The appellant had not a well advertised tradename. The reason for refusing it a license was that, though it had not been continuously in the business of dealing in milk since April 10, 1933, it had sold, and was selling to stores milk at a price a cent below the established minimum price. The question is whether the provision denying the benefit of the differential to all who embark in the business after April 10, 1933, works a discrimination which has no foundation in the circumstances of those engaging in the milk business in New York City, and is therefore so unreasonable as to deny appellant the equal protection of the laws in violation of the Fourteenth Amendment.
The record discloses no reason for the discrimination. The report of the committee, pursuant to which the Milk Control Act was adopted, is silent on the subject. While the legislative history indicates that the differential provision was intended to preserve competitive conditions affecting the store trade in milk, it affords no clue to the genesis of the clause denying the benefit of the differential to those entering the business after April 10, 1933.
The Court of Appeals thought a possible reason for the time limitation might be that, without it, the companies having well advertised names could, through subsidiaries, sell milk not bearing their names in competition with unadvertised dealers, and thus drive some of the latter
out of the field, with consequent injury to the farmers who sell them milk. This view ignores the fact that the purchase price to the farmer is fixed, and that the introduction of new unadvertised brands of bottled milk would not reduce the total demand for fluid milk in the metropolitan area. The appellees do not attempt now to support the provision on this ground.
Another suggested reason for the discrimination is that the Legislature believed an equal price basis for all dealers would cause most of the business of selling milk through stores to pass into the hands of the large and well known dealers; the differential provision was designed to prevent this result, and save existing businesses of the independent dealers, but was limited in its scope by the reason for it; the Legislature did not wish to increase the lower price competition against well advertised dealers by permitting new independent dealers to go into the business, and so required persons or corporations desiring to make investments in the milk business after April 10, 1933, to attach themselves to the higher price group. This is but another way of saying the Legislature determined that, during the life of the law, no person or corporation might enter the business of a milk dealer in New York City. The very reason for the differential was the belief that no one could successfully market an unadvertised brand on an even price basis with the seller of a well advertised brand. One coming fresh into the field would not possess such a brand, and clearly could not meet the competition of those having an established tradename and good will unless he were allowed the same differential as others in his class. By denying him this advantage, the law effectually barred him from the business.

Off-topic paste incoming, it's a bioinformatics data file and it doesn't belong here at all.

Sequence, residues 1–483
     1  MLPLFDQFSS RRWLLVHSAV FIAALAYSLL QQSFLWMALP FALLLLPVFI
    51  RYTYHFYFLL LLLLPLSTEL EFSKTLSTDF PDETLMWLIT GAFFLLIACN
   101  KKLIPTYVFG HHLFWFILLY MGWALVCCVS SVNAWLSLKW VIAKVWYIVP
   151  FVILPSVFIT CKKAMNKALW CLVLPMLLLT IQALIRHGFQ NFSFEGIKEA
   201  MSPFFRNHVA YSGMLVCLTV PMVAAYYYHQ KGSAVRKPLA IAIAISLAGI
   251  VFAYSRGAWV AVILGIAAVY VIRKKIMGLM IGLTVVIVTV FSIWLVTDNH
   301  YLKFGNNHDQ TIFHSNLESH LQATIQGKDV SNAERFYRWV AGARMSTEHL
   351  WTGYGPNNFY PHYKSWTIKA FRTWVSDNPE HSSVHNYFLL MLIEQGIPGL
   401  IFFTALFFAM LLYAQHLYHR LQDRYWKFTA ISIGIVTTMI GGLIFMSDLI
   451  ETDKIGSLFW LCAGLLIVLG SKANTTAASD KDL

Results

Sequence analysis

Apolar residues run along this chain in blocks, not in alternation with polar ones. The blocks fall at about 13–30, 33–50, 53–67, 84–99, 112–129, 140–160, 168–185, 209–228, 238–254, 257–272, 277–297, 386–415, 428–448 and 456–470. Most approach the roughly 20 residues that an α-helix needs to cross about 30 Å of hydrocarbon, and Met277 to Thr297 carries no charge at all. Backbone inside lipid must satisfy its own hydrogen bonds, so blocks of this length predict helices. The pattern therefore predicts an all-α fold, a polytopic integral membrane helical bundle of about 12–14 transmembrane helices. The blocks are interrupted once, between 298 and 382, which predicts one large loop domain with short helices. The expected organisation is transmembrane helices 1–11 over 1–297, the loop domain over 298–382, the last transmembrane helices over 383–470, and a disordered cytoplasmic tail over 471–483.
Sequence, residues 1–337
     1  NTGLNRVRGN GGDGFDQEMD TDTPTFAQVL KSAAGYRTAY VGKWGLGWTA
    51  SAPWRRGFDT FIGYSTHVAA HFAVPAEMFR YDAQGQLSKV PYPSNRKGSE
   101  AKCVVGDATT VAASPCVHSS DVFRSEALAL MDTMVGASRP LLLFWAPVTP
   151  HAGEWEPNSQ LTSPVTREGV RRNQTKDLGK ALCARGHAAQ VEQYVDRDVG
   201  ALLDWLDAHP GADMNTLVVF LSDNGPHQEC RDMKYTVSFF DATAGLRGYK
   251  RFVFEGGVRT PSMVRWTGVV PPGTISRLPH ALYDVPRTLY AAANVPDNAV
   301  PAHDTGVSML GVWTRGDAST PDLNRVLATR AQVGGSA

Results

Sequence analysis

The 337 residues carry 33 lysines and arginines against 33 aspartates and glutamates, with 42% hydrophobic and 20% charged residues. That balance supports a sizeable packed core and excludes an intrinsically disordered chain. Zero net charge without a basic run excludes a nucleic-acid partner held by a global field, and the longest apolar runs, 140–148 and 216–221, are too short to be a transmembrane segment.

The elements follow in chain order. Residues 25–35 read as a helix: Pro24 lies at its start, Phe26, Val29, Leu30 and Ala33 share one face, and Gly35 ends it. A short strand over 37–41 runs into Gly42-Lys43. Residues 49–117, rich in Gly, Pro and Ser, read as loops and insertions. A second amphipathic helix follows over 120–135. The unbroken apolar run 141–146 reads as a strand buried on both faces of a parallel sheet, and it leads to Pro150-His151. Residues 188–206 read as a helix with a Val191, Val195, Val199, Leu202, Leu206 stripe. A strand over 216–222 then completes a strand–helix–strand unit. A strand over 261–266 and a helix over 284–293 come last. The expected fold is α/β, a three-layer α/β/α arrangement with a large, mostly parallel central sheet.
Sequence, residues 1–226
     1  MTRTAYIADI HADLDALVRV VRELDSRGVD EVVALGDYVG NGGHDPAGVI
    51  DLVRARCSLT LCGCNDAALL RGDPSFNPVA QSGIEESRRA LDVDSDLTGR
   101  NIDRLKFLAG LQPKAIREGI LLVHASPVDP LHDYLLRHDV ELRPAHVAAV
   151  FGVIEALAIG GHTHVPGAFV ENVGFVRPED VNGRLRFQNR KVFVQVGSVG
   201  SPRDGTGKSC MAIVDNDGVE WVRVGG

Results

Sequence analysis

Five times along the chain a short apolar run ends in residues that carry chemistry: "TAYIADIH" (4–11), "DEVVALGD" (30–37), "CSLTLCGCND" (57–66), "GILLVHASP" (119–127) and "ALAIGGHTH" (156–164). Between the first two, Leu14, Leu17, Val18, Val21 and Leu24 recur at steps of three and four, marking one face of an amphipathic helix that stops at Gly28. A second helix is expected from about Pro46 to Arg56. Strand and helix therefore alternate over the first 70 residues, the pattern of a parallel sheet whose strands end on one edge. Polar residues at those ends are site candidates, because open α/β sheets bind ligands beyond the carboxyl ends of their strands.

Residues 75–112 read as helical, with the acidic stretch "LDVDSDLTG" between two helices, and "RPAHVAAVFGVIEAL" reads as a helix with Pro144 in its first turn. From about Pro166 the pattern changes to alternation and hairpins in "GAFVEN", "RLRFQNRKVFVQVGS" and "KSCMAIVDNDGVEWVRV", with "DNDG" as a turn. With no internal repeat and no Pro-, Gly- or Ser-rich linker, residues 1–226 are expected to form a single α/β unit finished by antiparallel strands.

We are referred to a host of decisions to the effect that a regulatory law may be prospective in operation and may except from its sweep those presently engaged in the calling or activity to which it is directed. Examples are statutes
licensing physicians and dentists which apply only to those entering the profession subsequent to the passage of the act and exempt those then in practice, or zoning laws which exempt existing buildings, or laws forbidding slaughterhouses within certain areas but excepting existing establishments. The challenged provision is unlike such laws, since, on its face, it is not a regulation of a business or an activity in the interest of, or for the protection of, the public, but an attempt to give an economic advantage to those engaged in a given business at an arbitrary date as against all those who enter the industry after that date. The appellees do not intimate that the classification bears any relation to the public health or welfare generally, that the provision will discourage monopoly, or that it was aimed at any abuse, cognizable by law, in the milk business. In the absence of any such showing, we have no right to conjure up possible situations which might justify the discrimination. The classification is arbitrary and unreasonable, and denies the appellant the equal protection of the law.